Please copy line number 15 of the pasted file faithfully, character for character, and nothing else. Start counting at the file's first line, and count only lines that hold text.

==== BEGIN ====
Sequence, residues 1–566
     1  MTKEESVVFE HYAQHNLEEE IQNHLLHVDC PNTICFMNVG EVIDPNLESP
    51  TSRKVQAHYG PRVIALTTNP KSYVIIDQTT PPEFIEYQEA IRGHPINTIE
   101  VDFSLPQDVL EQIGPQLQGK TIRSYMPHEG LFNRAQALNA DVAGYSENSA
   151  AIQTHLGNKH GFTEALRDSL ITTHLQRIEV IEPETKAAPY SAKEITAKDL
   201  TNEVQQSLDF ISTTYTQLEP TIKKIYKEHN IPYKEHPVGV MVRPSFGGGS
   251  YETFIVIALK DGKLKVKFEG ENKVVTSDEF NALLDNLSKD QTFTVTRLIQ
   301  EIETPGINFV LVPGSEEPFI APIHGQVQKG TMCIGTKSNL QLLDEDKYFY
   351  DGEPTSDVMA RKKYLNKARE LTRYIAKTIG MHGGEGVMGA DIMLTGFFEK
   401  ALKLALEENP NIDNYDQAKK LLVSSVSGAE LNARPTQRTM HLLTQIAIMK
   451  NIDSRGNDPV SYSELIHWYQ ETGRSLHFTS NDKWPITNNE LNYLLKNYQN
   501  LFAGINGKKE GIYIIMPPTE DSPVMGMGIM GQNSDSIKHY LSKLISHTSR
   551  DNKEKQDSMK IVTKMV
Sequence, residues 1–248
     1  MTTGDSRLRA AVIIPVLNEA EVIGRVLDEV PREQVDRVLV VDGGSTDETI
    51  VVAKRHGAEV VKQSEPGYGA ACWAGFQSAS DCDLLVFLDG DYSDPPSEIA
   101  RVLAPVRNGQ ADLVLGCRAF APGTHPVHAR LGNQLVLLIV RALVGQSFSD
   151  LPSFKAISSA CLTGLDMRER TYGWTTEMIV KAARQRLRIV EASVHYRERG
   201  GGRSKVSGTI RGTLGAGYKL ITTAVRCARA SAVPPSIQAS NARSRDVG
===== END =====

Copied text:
     1  MTTGDSRLRA AVIIPVLNEA EVIGRVLDEV PREQVDRVLV VDGGSTDETI